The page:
The early 1970s proved to be pioneering years for Te Kanawa, who appeared in a variety of roles: Donna Elvira in Mozart's Don Giovanni, Micaela in Bizet's Carmen, and Amelia in Verdi's Simon Boccanegra. In 1974 she made her debut at the Metropolitan Opera in New York as Desdemona in Verdi's Otello. Kiri was asked to appear unexpectedly early when the lead soprano fell ill and canceled only three hours before the performance, which was to be broadcast live nationally. After this performance, Kiri, who was normally positively reviewed by critics, received raves and suddenly became an international star.
Though Te Kanawa has long admitted that she often procrastinates when learning roles, until 1975 she maintained a hectic schedule. She then contracted a serious illness, which taught her the importance of pacing herself. After three months of recuperation, Kiri was back at rehearsals. In 1976 she added Mim in Puccini's La Boheme, Tatyana in Tchaikovsky's Eugene Onegin, and Fiordiligi in Mozart's Cosi fan tutte to her repertoire. The following year she appeared as Arabella in Strauss's opera of the same name, and in the late seventies appeared as Rosalinde in Die Fledermaus by Strauss and Violetta in La Traviata by Verdi.
Since early in her career, Te Kanawa has frequently been in the eyes of the media. In 1975 she became the subject of a television profile by the British Broadcasting Corporation, and she has made a number of television appearances: She portrayed Donna Elvira in Joseph Losey's film production of Don Giovanni, and in 1981 she was chosen by Prince Charles of Wales to sing at his marriage to Lady Diana Spencer, which drew a television audience of over 600 million viewers. In reaction to her status as a celebrity, Kiri guards her family's privacy--she and Desmond adopted a daughter Antonia in 1976 and son Thomas in 1979--and clearly separates her professional life from her personal life.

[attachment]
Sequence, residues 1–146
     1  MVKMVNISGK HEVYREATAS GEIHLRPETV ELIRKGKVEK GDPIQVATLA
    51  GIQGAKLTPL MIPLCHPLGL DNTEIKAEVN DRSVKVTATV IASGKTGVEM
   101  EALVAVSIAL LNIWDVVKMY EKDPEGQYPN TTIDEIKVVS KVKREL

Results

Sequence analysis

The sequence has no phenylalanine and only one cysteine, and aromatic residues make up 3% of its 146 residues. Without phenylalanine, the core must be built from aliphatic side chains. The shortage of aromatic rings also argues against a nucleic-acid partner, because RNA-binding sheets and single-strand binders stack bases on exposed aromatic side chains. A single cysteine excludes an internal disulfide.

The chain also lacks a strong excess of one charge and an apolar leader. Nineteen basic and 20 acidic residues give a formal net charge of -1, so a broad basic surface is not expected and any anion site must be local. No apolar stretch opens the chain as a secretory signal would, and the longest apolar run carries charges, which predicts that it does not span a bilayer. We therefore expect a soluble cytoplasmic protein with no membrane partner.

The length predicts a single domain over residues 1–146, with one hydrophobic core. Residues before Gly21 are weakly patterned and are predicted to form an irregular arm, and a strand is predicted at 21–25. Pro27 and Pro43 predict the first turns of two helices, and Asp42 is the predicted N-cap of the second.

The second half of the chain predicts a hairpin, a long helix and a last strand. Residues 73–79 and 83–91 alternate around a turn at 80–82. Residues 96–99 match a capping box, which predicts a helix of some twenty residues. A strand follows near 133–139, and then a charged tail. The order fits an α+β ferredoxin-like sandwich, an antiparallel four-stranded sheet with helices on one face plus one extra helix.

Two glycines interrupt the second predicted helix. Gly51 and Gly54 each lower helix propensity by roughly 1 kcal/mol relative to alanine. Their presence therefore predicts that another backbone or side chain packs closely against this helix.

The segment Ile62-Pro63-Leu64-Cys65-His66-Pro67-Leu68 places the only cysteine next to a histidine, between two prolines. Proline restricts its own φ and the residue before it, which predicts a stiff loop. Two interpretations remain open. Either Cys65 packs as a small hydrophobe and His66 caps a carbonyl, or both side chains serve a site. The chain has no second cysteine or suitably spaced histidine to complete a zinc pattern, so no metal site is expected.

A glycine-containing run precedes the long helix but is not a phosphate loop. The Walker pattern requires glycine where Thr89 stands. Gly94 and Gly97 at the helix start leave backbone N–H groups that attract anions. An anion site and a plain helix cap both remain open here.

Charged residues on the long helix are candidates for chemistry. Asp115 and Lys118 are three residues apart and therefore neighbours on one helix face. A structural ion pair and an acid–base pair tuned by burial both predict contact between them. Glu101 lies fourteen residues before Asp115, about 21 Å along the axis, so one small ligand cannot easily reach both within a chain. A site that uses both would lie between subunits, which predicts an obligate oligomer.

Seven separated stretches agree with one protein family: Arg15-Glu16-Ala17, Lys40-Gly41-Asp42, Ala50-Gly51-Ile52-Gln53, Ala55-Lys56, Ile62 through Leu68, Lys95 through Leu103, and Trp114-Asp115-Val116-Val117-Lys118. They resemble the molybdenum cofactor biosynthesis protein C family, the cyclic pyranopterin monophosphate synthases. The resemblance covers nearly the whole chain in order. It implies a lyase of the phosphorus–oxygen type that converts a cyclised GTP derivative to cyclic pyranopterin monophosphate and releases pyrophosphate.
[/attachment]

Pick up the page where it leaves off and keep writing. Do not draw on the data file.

In the 1980s Te Kanawa's voice and interpretations continued to mature, largely in the repertoire she had already established, and she has made numerous recordings of operatic and popular works. Though Te Kanawa is in high demand worldwide, critics have not reached a consensus on her ability. Though commentators agree that she has a beautiful voice and enthralling stage presence, they have negatively criticized her acting. In 1985 Te Kanawa became dissatisfied with singing opera and took a nine-month sabbatical to perform only concerts and recitals. She returned to the operatic stage the following year but has limited her annual total appearances to between forty-five and fifty in an effort to maintain her voice in peak form and balance her career and private life.
by Jeanne M. Lesinski
Kiri Te Kanawa's Career
Winner of voice competitions in New Zealand, 1960, and in Australia, 1965, that led to concert and club bookings, recording contracts (for pop songs), and appearances in several films; made opera debut, as the Countess Almavira in Mozart's The Marriage of Figaro , at the Royal Opera House (Covent Garden), London, England, 1970.
Kiri Te Kanawa's Awards
Winner of Auckland (New Zealand) Competition, 1960; winner of Mobil Song Quest (Australia), 1965; Member of the Order of the British Empire (Civil Division), 1973; named New Zealander of the year, 1973; named Dame Commander of the Order of the British Empire, 1982.
- Selective Works
- Ave Maria Philips.
- Bach: St. Matthew Passion London.
- Beethoven: Symphony No. 9 EMI/Angel.
- Berlioz: Nuits d't Deutsche Grammaphon.
- Bernstein: West Side Story DG.
- Bizet: Carmen London.
- Blue Skies London.
- Brahms: German Requiem London.
- Canteloube: Songs of Auvergne, Vols. 1 and 2 London.
- Christmas with Kiri London.
- Come to the Fair EMI/Angel.
- Durufl: Requiem CBS.
- Gershwin: Songs Angel.
- Gounod: Faust Philips.
- Great Love Scenes CBS.
- Handel: Messiah London.
- Mahler: Symphony No. 2 Philips.
- Mahler: Symphony No. 4 London.
- Mozart: Arias Philips.
- Mozart: Don Giovanni CBS.
- Mozart: Marriage of Figaro London.
- Puccini Heroines CBS.
- Puccini: La Rondine CBS.
- Puccini: Tosca London.
- Ravel: Sheherazade; Duparc: Seven Songs , EMI/Angel.
- Recital--Schubert, Schumann, Wolf, Faur, Duparc CBS.
- Strauss: Arabella London.
- Strauss: Four Last Songs CBS.
- Verdi and Puccini: Arias CBS.
- Fingleton, David, Kiri: A Biography of Kiri Te Kanawa, Atheneum, 1983.
- Chicago Tribune, December 7, 1987. Grammophon, February 1988.
- High Fidelity/Musical America, June 1983.
- Opera News, February 1983; December 20, 1986.
- Ovation, September 1985.
- Variety, April 30, 1986.